On October 2021, the Joint Research Centre published the 21st edition of its annual report on forest fires in Europe, Middle East and North Africa related to the year 2020. According to this report, in 2020 the fire season burned about 340,000 hectares in Europe and approximately 40% of total burnt area belongs to the Natura 2000 protected areas. The most affected country by fires have been Romania (73, 444 ha burnt area), followed by more southern European countries, in particular Portugal, Spain and Italy. (Compare with the 20th edition of the JRC’s report).
Yet, the report shows that fire risk is not an issue limited to a specific region of Europe. Indeed, in 2020, a total of 20 EU Member States were affected by forest fires over 30 hectares and forest fires are becoming a growing concern also for countries in central and northern Europe, not historically affected by this threat.
Climate change reinforced the risk and magnitude of fires in Europe, states the report. Overall, the number of forest fires went up in 19 out of the 30 countries analysed in 2020 with respect to year 2019. Still, the report also warns that more than 9 out of 10 fires are induced by human activities and hence more awareness raising and educational campaign for fire prevention would be needed.
What shall be expect for the report on fire events for the year 2021?
Only by summer 2021, half a million of hectares went under fires in Europe. Thus, the number of burnt surface will be certainly higher than in 2019 and 2020. To respond to this alarming threat, the European Union is currently reinforcing its capacity to assist countries impacted by fires, as well as to strengthen fire prevention and recovery. For instance, the European Union has been addressing forest fires in its recently adopted the EU Biodiversity Strategy for 2030, and the proposed the EU Forest Strategy for 2030.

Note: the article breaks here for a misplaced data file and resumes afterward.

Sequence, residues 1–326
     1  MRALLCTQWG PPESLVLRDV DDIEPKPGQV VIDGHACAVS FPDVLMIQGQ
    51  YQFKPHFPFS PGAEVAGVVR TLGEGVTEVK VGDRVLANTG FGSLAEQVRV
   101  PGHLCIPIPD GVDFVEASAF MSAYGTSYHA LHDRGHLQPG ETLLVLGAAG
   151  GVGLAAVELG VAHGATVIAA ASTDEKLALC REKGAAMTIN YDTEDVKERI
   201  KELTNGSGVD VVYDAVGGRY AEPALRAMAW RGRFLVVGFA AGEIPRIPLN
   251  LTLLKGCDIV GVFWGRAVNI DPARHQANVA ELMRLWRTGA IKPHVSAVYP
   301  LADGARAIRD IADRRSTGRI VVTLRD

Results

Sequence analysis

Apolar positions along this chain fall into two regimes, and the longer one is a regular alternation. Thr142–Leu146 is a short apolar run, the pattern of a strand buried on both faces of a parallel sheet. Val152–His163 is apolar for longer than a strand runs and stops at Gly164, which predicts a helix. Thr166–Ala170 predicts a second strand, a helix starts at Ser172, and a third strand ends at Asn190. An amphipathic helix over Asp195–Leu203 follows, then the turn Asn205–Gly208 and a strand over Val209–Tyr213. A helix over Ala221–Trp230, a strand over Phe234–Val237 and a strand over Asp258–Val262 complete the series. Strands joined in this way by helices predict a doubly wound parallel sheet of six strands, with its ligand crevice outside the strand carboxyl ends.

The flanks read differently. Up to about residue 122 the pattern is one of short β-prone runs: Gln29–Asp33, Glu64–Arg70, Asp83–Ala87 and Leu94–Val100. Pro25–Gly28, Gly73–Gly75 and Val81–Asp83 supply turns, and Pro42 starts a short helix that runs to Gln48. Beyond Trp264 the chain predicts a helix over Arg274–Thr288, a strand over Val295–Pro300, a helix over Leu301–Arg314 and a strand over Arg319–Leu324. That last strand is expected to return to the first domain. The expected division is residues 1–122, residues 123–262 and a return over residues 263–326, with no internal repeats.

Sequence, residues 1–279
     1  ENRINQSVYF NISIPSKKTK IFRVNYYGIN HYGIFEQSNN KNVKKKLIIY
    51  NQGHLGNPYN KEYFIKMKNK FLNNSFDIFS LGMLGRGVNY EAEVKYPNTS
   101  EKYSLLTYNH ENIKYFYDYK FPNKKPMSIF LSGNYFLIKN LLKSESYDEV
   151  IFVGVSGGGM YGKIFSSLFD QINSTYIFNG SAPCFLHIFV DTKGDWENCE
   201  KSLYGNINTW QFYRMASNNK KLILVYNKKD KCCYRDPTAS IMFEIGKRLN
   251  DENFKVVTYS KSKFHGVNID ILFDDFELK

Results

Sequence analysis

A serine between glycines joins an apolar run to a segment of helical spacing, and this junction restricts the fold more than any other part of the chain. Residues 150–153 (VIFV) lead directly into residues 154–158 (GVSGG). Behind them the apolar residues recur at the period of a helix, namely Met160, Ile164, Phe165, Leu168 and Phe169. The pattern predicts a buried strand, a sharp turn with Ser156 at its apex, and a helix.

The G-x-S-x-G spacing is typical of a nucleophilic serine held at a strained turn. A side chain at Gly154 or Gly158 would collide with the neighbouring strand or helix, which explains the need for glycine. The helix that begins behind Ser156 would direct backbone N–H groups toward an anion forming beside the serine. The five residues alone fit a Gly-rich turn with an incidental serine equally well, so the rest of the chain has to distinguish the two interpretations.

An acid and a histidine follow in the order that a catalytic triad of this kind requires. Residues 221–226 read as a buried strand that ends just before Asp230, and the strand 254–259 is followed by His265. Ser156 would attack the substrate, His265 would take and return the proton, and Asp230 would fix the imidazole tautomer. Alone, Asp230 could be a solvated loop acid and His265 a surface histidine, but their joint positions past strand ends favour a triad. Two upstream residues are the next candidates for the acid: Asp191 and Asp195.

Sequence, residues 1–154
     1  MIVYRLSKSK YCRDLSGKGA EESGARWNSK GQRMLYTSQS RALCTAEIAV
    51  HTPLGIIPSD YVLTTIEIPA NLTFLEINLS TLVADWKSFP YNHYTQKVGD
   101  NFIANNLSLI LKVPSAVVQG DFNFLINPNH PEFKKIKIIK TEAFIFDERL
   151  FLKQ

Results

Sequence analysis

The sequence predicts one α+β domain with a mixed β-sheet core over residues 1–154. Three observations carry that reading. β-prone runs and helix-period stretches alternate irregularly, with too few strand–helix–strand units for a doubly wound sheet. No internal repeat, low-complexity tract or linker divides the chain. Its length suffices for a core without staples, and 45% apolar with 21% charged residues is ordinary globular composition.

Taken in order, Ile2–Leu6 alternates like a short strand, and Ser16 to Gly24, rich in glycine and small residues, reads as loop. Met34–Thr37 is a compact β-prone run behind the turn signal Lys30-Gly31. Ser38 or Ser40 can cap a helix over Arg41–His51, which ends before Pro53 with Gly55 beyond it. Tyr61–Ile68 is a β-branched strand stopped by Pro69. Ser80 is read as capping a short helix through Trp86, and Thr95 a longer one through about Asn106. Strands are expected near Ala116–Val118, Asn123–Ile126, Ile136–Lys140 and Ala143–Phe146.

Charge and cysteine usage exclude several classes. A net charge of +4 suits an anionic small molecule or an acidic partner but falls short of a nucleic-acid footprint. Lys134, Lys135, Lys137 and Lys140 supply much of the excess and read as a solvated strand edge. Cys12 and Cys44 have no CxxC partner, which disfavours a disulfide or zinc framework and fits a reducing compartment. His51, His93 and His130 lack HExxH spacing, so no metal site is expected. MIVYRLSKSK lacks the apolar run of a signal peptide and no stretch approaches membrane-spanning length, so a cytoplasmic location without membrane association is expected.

An integrated fire management strategy is needed to respond to forest fires in Europe, encompassing prevention, early detection and response, restoration and adaptation. In the 2021-2025 period, Euromontana will be partner of the H2020-funded FIRE-RES project, whose aim is to set the basis for a pan-European integrated approach to fire management and to develop innovations to deal with extreme wildfire events. Counting on a wide partnership of 35 learning organisations in this thematic, FIRE-RES will develop 11 Living Labs across different European regions and beyond. The project officially starts on 1st December 2021 and more information will be soon available about this new project.1 December 2021